(Closing) Thoughts on a Job Search

On April 5th, I’ll be starting a new job with a Boston tech company – Placester – that I’m super excited to join. But before turning the page on my search, I wanted to spend a moment reflecting on my experience while it’s still fresh. One of the cool things about being in People Ops and interviewing is you get to see what a range of companies are doing. You can incorporate aspects from the best experiences and use the less pleasant experiences as a cautionary tale and reminder to be vigilant.

The Best of the Best:

  • Were awesome communicators. Hiring involves coordinating a number of schedules and stakeholders. Delays, changes in the role and business needs can impact the process. All the while, you have candidates in the pipeline. The best teams kept me aware of what was going on in the process and where I stood – even when it wasn’t all positive information.
  • Gave lots of exposure. It’s particularly important for me to get a sense of culture and ensure to my philosophy aligns with the leadership team’s. The best candidate experiences for me involved meeting a cross-section of the company. It made me feel a greater sense of understanding what the demands of the role would entail and if I would be a fit for their goals.
  • Were transparent. Several companies were refreshingly open with me about both the appeal of the role and the challenges ahead. Often companies and candidates are reluctant to talk about failures or weaknesses (and what they learned from them); frank conversations are the exception. I find these talks most helpful for both sides, plus it builds a foundation of trust.
  • Were laser-focused. I loved the interviews where it was clear the team had a specific objective. Whether it was to assess competencies, flush out how I dealt with a situation, or get a feel for how I’d fit in the culture … I liked knowing that they were being really deliberate about what they wanted to know about me.

Detracted from the Experience:

  • No news. It’s frustrating to submit an application and never hear back; it’s infinitely worse when you invest real time interacting on the phone or in person, only to be ghosted. When candidates meet with your team, update them on their candidacy. You never know when your paths will cross again. One team went completely dark on me for a month after my final interview before asking me to consider joining. You can be sure my experience as a candidate impacted my decision.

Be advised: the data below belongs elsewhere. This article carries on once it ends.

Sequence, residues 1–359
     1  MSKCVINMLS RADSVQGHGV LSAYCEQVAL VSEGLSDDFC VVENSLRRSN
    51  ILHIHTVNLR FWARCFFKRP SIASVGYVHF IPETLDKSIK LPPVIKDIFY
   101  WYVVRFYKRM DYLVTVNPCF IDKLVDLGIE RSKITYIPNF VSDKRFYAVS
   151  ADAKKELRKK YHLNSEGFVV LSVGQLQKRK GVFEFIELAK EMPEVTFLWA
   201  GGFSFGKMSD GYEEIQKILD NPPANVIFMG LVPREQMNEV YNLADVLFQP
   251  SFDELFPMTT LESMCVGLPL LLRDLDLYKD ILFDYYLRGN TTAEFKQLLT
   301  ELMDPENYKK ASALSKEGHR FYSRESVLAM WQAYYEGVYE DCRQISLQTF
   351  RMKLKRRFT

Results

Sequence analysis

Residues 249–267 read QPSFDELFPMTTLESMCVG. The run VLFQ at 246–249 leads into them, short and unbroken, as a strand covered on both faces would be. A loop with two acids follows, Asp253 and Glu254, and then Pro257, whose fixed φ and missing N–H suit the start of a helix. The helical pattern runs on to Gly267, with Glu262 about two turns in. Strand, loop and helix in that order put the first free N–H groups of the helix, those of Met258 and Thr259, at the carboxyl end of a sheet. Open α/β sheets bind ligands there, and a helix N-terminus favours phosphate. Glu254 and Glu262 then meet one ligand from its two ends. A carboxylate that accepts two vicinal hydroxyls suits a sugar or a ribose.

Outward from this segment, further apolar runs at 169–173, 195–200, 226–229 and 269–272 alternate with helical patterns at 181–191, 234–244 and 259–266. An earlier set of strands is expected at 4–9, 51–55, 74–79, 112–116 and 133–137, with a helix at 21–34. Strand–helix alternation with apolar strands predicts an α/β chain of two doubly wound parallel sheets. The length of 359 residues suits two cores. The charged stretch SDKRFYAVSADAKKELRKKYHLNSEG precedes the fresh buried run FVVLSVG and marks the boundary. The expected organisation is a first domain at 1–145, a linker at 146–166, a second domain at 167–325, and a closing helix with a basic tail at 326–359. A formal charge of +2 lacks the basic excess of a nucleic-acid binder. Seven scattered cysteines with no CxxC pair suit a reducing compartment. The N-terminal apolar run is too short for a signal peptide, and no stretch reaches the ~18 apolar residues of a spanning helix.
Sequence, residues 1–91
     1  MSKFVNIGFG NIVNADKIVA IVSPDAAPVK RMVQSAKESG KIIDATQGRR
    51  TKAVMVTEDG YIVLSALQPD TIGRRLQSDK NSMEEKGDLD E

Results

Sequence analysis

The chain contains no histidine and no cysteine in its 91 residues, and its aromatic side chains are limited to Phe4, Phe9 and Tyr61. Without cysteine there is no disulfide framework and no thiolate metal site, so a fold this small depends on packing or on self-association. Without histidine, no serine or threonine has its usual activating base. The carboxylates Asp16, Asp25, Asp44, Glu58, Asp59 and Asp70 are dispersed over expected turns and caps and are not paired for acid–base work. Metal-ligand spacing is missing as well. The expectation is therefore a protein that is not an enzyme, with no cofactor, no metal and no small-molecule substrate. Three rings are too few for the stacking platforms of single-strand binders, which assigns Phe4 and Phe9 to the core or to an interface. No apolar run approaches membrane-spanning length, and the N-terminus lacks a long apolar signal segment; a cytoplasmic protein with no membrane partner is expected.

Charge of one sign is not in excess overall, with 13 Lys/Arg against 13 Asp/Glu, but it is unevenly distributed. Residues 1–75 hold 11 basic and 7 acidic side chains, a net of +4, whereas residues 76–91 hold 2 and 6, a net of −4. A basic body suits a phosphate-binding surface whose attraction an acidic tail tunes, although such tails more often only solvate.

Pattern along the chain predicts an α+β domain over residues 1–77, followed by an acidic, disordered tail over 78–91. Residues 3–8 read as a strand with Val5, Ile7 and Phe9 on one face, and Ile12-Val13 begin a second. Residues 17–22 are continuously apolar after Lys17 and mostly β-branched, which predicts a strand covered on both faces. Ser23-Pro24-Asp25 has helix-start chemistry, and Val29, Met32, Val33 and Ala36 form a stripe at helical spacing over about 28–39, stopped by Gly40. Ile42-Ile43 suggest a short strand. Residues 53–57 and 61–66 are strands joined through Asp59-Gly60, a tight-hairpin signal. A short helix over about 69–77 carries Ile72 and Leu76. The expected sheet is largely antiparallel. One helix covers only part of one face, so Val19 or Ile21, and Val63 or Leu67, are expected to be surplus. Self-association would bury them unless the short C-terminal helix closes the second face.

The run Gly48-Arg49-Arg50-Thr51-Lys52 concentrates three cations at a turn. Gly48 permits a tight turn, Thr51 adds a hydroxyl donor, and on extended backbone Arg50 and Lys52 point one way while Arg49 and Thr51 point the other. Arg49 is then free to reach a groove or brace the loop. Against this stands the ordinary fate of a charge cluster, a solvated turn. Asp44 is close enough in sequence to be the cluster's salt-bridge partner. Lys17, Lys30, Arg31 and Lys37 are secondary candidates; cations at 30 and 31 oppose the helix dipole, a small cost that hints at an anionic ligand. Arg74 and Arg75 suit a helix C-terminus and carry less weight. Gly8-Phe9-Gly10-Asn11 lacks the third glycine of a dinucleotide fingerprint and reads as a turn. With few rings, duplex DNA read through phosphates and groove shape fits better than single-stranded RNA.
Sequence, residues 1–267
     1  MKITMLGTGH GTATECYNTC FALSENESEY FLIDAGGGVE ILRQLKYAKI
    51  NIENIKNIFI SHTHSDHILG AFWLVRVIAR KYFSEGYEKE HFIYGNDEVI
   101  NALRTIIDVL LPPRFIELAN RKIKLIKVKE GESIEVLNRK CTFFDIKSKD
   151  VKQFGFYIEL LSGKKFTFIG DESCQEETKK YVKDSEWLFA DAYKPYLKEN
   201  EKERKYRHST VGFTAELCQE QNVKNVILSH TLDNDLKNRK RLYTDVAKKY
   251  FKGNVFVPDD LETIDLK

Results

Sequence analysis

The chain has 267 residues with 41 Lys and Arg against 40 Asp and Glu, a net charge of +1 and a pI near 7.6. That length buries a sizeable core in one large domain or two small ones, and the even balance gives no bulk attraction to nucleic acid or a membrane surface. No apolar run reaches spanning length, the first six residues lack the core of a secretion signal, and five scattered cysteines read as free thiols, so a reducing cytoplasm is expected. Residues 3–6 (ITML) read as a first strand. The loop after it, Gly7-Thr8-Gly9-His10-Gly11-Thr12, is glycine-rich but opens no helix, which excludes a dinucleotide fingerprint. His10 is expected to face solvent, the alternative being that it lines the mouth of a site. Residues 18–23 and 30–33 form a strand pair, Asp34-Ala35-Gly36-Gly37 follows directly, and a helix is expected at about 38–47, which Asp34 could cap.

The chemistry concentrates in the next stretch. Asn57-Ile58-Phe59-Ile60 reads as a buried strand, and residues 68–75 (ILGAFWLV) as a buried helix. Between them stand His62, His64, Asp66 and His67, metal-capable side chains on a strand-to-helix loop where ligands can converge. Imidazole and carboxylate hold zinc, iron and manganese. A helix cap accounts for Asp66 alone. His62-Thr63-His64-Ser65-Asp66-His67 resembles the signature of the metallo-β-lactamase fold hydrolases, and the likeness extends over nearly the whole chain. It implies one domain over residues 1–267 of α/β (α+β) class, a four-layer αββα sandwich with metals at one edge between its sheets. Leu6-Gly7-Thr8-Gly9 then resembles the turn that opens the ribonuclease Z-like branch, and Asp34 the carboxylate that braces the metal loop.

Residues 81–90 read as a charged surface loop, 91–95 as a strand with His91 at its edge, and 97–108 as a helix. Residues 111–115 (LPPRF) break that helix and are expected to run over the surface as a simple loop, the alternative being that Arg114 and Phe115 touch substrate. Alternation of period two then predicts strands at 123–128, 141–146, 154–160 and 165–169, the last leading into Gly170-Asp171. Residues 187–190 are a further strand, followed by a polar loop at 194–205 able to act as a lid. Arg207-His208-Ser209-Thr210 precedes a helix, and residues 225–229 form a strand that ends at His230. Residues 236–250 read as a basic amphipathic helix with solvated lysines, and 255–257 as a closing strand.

• Going in blind. There were a number of times where I found myself going into interviews with no idea who I was speaking with, how long I’d be there, or what the purpose of the meeting was. Letting candidates prepare means a more productive session for everyone. You can give an idea of the goals of the meeting without giving away all the questions and risking an over-rehearsed candidate.
  • Waste of time. You wouldn’t invest in marketing your product or service without expecting a specific result, but it still seems to happen when vetting candidates. Light questions to get to know the candidate and ease into the interview are fine, but make sure you maximize the value of the interview by talking about what the candidate has done or can bring to the role. Chances are, they want to talk shop. Let them – it benefits both parties.
  • Bashing employees. Nearly every company has something less-than-positive on Glassdoor. The reactions to semi-negative reviews varied widely amongst teams I interviewed with. A couple teams I spoke with were defensive and arrogant in a way that suggested little respect for employees or a lack of self awareness. I much preferred the discussions with teams that were realistic and expressed humility. It displayed they were open to feedback and interested in improving.

Overall, a lot of companies are doing a terrific job working with their candidates. I was able to meet a number of people I’d love to keep in touch with because of the quality of our conversations. None of the positive things above cost money to do outside of effort, but can really impact how candidates view you in the market. This was an awesome refresher for me but I’m definitely excited it’s over.